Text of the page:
Cruiseship Job Hunting Guide

Onboard and Onshore Cruise Ship Job Positions

Onboard positions are abundant. If you want to get involved in the cruise ship industry but can’t get over your seasickness, then working onshore is your best resort. There’s no need to get onboard to enjoy the perks and fun. Onboard and onshore positions have equal fun and employment opportunity. Below are the departments with the most positions that are available and in demand:

The following are brief descriptions of some of the main positions onboard cruise ships that will give you a general idea of the qualifications and duties of each job. This will give you a general idea of the types of employment on cruise ships and at cruise line home and satellite offices.

Shipboard employees are typically divided into departments relating to service, passenger accommodations (sometimes called “hotel administration”), entertainment jobs, general ship maintenance, engine work, and safety. Different cruise lines use variations on these categories, but for our purposes we have divided onboard job descriptions into the areas of Activity/Entertainment, Deck & Engineering, Service/Hospitality, and Personal Care.

A fifth category is Office, which includes those jobs commonly available in corporate headquarters. If you want to work in an office environment and avoid a nomadic lifestyle and demanding tourists, this might be the right path for you. Going corporate is a way to get travel benefits and can be your key to a job onboard a vessel at a later time, if you ever choose so.

The majority of offices are either in Los Angeles or Florida. However, New York, Seattle, and various European cities also have their share. If you live in or near one of these cities, you are in luck. The types of work available are wide-ranging and include booking agents, administrative assistants, sales representatives, human resource representatives and marketing personnel. Plenty of other jobs exist as well.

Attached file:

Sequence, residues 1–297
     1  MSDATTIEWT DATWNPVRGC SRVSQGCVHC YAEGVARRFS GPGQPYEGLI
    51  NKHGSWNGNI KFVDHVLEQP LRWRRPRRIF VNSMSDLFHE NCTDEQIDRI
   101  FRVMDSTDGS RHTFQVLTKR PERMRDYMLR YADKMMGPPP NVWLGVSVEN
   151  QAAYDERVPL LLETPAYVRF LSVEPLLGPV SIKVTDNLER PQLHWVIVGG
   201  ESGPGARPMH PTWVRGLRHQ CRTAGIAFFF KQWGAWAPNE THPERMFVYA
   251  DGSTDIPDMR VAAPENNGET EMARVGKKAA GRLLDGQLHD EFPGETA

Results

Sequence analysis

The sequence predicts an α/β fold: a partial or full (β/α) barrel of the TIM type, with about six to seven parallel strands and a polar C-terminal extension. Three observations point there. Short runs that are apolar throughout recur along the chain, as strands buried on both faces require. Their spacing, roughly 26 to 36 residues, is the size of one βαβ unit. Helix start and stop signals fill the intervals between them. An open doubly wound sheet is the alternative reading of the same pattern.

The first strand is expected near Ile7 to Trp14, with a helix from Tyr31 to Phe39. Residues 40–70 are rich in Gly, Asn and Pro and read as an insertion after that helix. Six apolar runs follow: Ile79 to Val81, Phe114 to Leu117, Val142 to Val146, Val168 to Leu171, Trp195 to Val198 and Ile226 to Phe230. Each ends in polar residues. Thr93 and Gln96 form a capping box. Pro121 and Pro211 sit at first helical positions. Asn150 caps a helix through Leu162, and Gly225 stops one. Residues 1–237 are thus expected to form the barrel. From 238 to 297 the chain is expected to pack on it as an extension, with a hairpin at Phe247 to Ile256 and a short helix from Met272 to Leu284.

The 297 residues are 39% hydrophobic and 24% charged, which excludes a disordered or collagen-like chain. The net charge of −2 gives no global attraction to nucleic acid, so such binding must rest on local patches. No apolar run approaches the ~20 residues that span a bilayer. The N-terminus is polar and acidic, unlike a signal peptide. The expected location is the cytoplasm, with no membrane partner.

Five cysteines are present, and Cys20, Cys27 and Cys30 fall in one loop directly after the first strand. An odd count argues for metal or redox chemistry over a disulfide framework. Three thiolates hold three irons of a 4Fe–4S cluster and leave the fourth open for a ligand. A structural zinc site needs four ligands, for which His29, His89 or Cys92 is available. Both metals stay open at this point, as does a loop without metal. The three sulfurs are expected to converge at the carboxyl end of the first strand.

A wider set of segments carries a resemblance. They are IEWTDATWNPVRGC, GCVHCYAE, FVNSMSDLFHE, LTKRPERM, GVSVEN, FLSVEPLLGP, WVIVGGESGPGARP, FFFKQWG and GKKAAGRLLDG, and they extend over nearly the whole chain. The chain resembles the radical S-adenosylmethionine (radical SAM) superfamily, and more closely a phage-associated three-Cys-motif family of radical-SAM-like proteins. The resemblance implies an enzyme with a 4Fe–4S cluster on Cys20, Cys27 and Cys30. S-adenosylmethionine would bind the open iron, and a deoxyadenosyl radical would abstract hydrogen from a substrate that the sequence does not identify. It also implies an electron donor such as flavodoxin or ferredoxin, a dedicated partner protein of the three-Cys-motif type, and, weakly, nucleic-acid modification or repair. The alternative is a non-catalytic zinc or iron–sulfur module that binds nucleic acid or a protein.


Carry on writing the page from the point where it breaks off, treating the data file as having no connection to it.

Activity/Entertainment Department:

These positions are often synonymous with “cruise staff” and deal with anything relating to passenger entertainment. This department includes hosts and hostesses, cruise directors and staff, disc jockeys, performers, swimming instructors, and shore excursion staff. These positions are considered the most glamorous on the ship, and are probably the most sought-after jobs in the cruise industry.

Deck & Engineering Department:

This department is responsible for maintaining and running the vessel. On large ships, this department usually does not have many entry-level positions open to North Americans. People working in the deck department are usually experienced merchant marines and include deckhands, maintenance workers, engineers, and officers. It is their job to motor or sail the ship, attend to the physical maintenance needs of the ship, and keep it in accordance with fleet regulations and international maritime laws.

Service/Hospitality Department:

These positions fall under the “Hotel Management” department. These staff members have the responsibility of managing the restaurants, bars, and passenger cabins, as well as shipboard retail concessions like gift shops. Those who serve food or alcohol can make a handsome amount of money from tips. As the old saying goes, “The captain receives all the glory onboard but when the ship docks the captain leaves on a scooter and the waiter leaves in his Benz.” The purser (the ship’s treasurer in charge of passenger accounts, tickets, changing currency, etc.) and his or her staff are also included in this department.
Personal Care Department:

The personal care department can include fitness, beauty, spa and medical services. These positions are important to the passengers who signed up for the cruise to “pamper themselves silly.” More and more cruise ships are updating their spa and fitness facilities as the demand for these services increases. The medical department offers medical services to the passengers and crew.

Office Positions:
These are generally onshore positions in which employees work in the main office arranging cruises or performing general office work. These positions include administrative assistants, booking agents, sales/marketing staff, and clerical workers.

But if you think what is the point in getting a cruise ship job without being on the field, which in this case, being onboard sailing with tourists around the world and seeing the world, then you should prepare an application and start applying for the position that suits your abilities and goals.

Related: Finding a Job in the Cruise Industry


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